And then there are the “mystery slowdowns.” I haven’t even the beginnings of a means to determine whether these are in fact the results of dispatch manipulation. But I can’t help but be suspicious.

I don’t like head games anyway. People who know me know that, in fact, I respond very poorly to them and that, in fact, one reason I have all but given up on ever finding a real job is that, after eighteen years of futility,[4] I have come to feel that the application process is little more than a head game. It’s best to be straight with me and if you don’t feel that’s how you can get what you want from me, then I don’t want to be dealing with you. I have severed relationships over this in the past and fully expect to do so in the future.

And here I am with a “mystery slowdown” with Lyft. So I’m back trying Uber. It sucks but a real job doesn’t seem to be an option for me.[5]


Brexit

William Booth and Karla Adam, “Parliament votes to withhold approval of Brexit deal, postponing Boris Johnson’s moment of reckoning,” Washington Post, October 19, 2019, https://www.washingtonpost.com/world/europe/boris-johnson-faces-historic-brexit-vote-in-parliament/2019/10/19/dba7cc70-f1a8-11e9-bb7e-d2026ee0c199_story.html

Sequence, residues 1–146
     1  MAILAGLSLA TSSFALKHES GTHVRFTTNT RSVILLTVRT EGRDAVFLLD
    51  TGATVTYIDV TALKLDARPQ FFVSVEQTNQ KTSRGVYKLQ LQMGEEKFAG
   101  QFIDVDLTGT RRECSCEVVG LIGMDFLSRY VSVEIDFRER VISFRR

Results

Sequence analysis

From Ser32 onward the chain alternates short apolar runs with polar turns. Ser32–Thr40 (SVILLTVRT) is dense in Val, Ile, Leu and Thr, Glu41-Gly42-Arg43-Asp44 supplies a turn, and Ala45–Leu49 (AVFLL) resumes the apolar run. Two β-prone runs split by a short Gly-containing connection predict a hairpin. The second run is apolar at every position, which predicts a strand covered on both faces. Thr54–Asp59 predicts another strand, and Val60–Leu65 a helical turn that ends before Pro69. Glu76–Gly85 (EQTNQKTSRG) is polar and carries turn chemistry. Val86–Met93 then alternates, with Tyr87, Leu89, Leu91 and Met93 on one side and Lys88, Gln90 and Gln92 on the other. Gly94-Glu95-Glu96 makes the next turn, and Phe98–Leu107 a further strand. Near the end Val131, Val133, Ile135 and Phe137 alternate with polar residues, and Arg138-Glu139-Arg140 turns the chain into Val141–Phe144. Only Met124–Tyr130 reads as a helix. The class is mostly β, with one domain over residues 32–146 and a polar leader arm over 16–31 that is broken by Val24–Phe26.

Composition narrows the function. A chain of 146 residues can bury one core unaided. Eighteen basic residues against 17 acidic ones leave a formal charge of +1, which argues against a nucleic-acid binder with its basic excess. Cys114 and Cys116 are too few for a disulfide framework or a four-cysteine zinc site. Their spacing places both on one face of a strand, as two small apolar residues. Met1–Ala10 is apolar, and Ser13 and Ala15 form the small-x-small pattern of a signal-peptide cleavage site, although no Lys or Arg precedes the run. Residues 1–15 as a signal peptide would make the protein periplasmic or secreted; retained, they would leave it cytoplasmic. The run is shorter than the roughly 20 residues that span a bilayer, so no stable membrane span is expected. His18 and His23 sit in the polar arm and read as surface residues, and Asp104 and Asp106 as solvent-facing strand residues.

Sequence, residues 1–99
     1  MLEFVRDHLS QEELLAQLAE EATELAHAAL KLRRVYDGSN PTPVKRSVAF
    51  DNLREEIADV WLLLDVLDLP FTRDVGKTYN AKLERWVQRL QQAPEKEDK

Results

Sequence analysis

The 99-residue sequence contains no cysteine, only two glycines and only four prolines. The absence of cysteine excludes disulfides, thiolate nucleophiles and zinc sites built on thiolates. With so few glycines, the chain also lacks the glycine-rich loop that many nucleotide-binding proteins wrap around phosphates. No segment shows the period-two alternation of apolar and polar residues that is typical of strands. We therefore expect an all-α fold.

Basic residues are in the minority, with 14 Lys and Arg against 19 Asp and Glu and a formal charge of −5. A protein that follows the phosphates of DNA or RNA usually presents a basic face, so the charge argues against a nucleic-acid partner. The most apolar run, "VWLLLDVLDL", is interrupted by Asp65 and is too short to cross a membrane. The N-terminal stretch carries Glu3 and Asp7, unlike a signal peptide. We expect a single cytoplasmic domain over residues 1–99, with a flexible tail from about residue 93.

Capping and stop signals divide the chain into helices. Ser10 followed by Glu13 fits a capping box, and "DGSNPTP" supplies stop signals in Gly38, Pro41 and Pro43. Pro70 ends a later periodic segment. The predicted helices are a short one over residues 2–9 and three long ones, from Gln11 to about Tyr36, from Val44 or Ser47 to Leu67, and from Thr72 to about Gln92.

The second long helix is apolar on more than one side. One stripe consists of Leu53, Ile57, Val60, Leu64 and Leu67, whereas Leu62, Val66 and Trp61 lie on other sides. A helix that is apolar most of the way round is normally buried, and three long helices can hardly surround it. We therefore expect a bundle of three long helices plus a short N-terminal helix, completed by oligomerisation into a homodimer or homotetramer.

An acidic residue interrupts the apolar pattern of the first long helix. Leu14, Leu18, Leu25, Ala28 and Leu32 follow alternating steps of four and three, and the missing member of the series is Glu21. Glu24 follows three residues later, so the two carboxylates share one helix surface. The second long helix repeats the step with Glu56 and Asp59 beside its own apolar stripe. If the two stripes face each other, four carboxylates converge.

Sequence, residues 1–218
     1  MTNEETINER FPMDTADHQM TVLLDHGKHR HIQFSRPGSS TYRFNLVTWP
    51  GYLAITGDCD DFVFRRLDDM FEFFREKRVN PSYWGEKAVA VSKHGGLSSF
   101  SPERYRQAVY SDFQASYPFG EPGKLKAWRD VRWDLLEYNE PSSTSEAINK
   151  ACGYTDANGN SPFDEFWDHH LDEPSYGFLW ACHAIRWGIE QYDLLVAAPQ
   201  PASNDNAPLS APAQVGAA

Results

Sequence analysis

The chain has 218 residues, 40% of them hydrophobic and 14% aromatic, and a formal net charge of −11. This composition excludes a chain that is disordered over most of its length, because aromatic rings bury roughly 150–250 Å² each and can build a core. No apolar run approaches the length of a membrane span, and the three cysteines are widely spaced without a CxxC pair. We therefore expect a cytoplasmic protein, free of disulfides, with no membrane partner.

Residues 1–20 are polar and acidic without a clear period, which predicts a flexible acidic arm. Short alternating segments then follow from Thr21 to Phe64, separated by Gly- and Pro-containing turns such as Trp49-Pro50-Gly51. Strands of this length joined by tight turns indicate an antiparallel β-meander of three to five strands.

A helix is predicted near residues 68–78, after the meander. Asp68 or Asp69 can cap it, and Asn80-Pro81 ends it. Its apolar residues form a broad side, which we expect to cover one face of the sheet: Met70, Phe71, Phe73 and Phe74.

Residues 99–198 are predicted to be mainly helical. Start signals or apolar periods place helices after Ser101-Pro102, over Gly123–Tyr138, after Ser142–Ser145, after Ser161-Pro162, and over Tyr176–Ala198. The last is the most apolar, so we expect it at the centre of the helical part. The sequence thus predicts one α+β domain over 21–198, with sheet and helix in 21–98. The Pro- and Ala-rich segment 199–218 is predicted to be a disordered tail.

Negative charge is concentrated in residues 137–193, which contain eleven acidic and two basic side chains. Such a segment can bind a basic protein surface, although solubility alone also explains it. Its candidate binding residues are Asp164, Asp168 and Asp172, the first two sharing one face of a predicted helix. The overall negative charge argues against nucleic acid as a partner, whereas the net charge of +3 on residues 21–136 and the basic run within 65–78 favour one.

1. [1]Rich Alton, “Basic economics means Uber and Lyft can’t rely on driverless cars to become profitable,” MarketWatch, August 12, 2019, https://www.marketwatch.com/story/basic-economics-means-uber-and-lyft-cant-rely-on-driverless-cars-to-become-profitable-2019-08-12; Eliot Brown, “Uber Wants to Be the Uber of Everything—But Can It Make a Profit?” Wall Street Journal, May 4, 2019, https://www.wsj.com/articles/uber-wants-to-be-the-uber-of-everything-11556909866; Richard Durant, “Uber’s Profitability Problem Is Structural,” Seeking Alpha, August 21, 2019, https://seekingalpha.com/article/4287055-ubers-profitability-problem-structural; Ryan Felton, “Uber Is Doomed,” Jalopnik, February 24, 2017, https://jalopnik.com/uber-is-doomed-1792634203; Yves Smith, “Uber Is Headed for a Crash,” New York, December 4, 2018, http://nymag.com/intelligencer/2018/12/will-uber-survive-the-next-decade.html; Stephen Wilmot, “Uber’s Long Road to Profits,” Wall Street Journal, August 22, 2019, https://www.wsj.com/articles/ubers-long-road-to-profits-11566471068; Julia Carrie Wong, “Disgruntled drivers and ‘cultural challenges’: Uber admits to its biggest risk factors,” Guardian, April 12, 2019, https://www.theguardian.com/technology/2019/apr/11/uber-ipo-risk-factors